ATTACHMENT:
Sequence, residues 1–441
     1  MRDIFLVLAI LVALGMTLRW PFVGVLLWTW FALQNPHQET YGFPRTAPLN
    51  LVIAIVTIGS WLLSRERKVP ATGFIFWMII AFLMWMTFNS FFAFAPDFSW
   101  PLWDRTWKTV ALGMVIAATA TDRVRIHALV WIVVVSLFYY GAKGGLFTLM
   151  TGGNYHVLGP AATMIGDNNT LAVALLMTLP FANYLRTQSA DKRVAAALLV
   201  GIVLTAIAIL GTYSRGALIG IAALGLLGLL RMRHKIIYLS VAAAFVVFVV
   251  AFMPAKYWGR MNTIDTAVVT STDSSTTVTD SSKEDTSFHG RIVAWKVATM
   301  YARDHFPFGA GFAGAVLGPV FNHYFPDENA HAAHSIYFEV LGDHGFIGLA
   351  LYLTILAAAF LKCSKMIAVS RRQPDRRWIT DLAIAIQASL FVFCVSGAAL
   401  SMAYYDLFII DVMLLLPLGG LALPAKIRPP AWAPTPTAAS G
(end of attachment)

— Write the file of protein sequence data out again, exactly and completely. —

Sequence, residues 1–441
     1  MRDIFLVLAI LVALGMTLRW PFVGVLLWTW FALQNPHQET YGFPRTAPLN
    51  LVIAIVTIGS WLLSRERKVP ATGFIFWMII AFLMWMTFNS FFAFAPDFSW
   101  PLWDRTWKTV ALGMVIAATA TDRVRIHALV WIVVVSLFYY GAKGGLFTLM
   151  TGGNYHVLGP AATMIGDNNT LAVALLMTLP FANYLRTQSA DKRVAAALLV
   201  GIVLTAIAIL GTYSRGALIG IAALGLLGLL RMRHKIIYLS VAAAFVVFVV
   251  AFMPAKYWGR MNTIDTAVVT STDSSTTVTD SSKEDTSFHG RIVAWKVATM
   301  YARDHFPFGA GFAGAVLGPV FNHYFPDENA HAAHSIYFEV LGDHGFIGLA
   351  LYLTILAAAF LKCSKMIAVS RRQPDRRWIT DLAIAIQASL FVFCVSGAAL
   401  SMAYYDLFII DVMLLLPLGG LALPAKIRPP AWAPTPTAAS G